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    Jeanette Winterson's Oranges are Not the Only Fruit and Written on the Body are both really good (though I don't think the gender of the narrator is explicitly identified in the latter).
     
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  9. Wreybies
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    Wreybies The Ops Pops Operations Manager Staff Contest Administrator Supporter Contributor

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    Here is also the list of the 2010 Lamba Literary Award finalists (and I think winners) in their respective catagories

    http://www.lambdaliterary.org/awards/awards-finalists/
     
  10. Elgaisma
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    Elgaisma Contributing Member Contributor

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    Thanks and actually thanks for the sci fi/fantasy link, I was concerned about my religious beliefs writing this book but there is one there from a famous author who shares the same beliefs and I am sure I have read it, but can't remember lol so ordered it. After thinking it might be my least useful list turned out to be most useful:)
     
  11. Wreybies
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    Wreybies The Ops Pops Operations Manager Staff Contest Administrator Supporter Contributor

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    Now if you wish to know of my favorites....

    The Catch Trap by Marion Zimmer Bradley.

    [​IMG]

    M.Z. Bradley is well known in "the community" as a friend and supporter and LGBT issues feature often in many of her books, especially her Darkover novels. She is known as a science fiction and fantasy writer, but The Catch Trap is neither. It focuses on a family of trapeze artists during the late depression era and on until the late fifties. It is not one of the "new wave" of gay books that treats queer issues with a modern slant, but her work is endearing, sensitive, poignant and very well written.

    One of my favs from the "pink shelf." ;)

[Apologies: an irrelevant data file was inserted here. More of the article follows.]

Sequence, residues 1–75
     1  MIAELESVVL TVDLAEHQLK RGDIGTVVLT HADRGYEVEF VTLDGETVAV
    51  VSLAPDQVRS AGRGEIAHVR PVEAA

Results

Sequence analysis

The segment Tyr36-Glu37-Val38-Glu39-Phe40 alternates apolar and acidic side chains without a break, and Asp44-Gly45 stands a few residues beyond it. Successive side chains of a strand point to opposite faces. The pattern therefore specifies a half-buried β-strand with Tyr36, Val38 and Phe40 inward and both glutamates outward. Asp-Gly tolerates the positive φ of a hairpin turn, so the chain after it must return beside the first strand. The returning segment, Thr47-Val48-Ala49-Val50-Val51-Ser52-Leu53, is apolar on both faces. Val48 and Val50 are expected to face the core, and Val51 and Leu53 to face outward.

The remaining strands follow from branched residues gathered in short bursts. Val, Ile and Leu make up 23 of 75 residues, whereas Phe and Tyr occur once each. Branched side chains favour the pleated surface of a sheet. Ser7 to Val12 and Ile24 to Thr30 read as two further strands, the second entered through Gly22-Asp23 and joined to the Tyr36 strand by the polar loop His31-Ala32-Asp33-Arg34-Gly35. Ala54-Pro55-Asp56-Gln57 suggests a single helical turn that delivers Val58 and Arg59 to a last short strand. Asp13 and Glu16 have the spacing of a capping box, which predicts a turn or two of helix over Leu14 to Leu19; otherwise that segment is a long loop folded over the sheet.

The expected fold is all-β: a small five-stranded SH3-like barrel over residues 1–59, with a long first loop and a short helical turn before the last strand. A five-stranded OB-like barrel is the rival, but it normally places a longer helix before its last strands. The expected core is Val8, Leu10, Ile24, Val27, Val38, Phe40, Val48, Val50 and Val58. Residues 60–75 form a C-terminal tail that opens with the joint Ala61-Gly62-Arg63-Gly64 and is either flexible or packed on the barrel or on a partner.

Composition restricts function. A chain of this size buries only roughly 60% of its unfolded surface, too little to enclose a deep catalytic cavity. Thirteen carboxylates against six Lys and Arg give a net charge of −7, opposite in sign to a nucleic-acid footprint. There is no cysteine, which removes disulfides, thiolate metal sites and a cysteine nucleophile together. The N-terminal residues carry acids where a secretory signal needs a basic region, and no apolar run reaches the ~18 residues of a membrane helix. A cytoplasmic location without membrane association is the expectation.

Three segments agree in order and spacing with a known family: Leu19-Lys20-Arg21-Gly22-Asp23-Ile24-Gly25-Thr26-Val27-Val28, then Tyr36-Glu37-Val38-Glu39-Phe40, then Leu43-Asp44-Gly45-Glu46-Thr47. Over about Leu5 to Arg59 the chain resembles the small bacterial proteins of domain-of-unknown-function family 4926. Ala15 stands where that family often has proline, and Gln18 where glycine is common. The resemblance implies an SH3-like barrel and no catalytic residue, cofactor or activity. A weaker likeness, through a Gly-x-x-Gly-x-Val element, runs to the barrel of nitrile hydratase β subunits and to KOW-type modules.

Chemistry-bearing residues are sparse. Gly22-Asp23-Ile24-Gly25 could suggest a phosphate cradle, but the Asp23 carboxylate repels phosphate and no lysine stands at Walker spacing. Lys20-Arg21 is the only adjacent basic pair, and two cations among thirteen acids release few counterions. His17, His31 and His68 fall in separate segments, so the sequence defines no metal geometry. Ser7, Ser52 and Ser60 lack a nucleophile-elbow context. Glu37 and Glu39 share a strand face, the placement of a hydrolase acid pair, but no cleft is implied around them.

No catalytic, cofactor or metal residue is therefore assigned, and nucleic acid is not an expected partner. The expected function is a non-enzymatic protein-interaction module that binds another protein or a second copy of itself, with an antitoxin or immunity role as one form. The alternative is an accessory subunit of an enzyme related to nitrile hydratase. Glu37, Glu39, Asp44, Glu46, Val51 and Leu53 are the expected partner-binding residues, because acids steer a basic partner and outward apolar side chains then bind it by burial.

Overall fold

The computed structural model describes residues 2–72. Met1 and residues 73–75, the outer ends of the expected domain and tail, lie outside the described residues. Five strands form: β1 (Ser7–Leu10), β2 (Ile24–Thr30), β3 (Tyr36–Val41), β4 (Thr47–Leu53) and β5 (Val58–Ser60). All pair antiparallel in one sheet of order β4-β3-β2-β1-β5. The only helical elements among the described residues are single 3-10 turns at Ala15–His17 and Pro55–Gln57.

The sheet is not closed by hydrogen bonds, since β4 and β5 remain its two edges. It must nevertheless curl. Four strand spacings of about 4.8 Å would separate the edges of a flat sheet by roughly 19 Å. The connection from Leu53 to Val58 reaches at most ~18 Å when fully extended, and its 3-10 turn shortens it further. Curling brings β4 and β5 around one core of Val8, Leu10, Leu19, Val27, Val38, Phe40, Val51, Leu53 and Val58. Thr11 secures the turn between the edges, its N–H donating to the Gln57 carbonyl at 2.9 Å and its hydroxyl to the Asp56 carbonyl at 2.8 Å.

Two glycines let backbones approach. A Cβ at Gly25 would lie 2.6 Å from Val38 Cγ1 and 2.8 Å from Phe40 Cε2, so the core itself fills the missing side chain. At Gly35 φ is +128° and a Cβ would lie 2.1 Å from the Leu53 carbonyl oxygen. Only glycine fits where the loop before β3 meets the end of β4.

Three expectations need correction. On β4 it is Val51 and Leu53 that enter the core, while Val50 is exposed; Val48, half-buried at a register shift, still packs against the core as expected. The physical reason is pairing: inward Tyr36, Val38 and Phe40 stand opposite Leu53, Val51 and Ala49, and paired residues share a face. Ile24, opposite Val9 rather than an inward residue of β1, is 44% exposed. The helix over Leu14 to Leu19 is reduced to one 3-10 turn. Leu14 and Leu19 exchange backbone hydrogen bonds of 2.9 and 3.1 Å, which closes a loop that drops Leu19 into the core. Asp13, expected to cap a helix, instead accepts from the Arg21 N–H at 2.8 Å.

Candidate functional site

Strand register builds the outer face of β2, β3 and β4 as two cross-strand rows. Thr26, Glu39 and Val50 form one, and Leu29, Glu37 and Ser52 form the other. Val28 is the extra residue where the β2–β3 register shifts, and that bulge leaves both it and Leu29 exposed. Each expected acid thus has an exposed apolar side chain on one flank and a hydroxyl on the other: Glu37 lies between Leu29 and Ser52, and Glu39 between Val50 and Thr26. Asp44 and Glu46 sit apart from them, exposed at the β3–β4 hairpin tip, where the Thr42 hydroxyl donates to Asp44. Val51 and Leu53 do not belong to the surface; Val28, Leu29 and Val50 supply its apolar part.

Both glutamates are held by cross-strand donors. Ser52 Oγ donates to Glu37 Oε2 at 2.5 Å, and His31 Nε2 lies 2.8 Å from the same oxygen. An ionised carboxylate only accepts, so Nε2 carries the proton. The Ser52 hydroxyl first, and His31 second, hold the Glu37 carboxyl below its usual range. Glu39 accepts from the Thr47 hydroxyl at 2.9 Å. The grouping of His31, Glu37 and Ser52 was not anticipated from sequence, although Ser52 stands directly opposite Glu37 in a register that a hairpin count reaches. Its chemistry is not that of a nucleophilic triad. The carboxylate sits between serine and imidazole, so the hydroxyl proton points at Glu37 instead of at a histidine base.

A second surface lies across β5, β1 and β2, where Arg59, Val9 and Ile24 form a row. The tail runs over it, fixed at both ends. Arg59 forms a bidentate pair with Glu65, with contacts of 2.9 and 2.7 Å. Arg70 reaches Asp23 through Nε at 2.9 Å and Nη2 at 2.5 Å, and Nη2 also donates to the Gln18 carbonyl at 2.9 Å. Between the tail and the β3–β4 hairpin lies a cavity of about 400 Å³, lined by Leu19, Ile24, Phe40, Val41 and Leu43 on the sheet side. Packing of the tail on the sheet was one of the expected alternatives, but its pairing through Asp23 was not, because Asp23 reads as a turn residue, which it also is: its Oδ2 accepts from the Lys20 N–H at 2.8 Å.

12. Elgaisma
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    Elgaisma Contributing Member Contributor

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    LOL I will order that as well once I have read the three I ordered to day. It looks like my kind of book. I read Mists of Avalon as a teenager think I enjoyed it I do love that cover.

    So far of the one's I have read and I realised reading the lists given here have read more than I thought The Brother's Bishop favourite I loved it right up until pardon the pun its very limp wristed ending:) It just died in the last 3 sentences, Never been so angry and disappointed at the ending of a book. I wanted more:)
     
  13. Wreybies
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    Wreybies The Ops Pops Operations Manager Staff Contest Administrator Supporter Contributor

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    Ha! The Mists of Avalon. Should you ever care to read it again, pay close attention to the portion where Lancelot's affections are under discussion. Miss Bradley deftly implies that Lancelot is not after Gwenhwyfar but in fact has eyes for Arthur himself. Most people miss it because it's not really expected, but read it carefully and there is no doubt that Bradley is saying that Morgan Le Fay is not the only one who's fey. ;)
     
  14. Elgaisma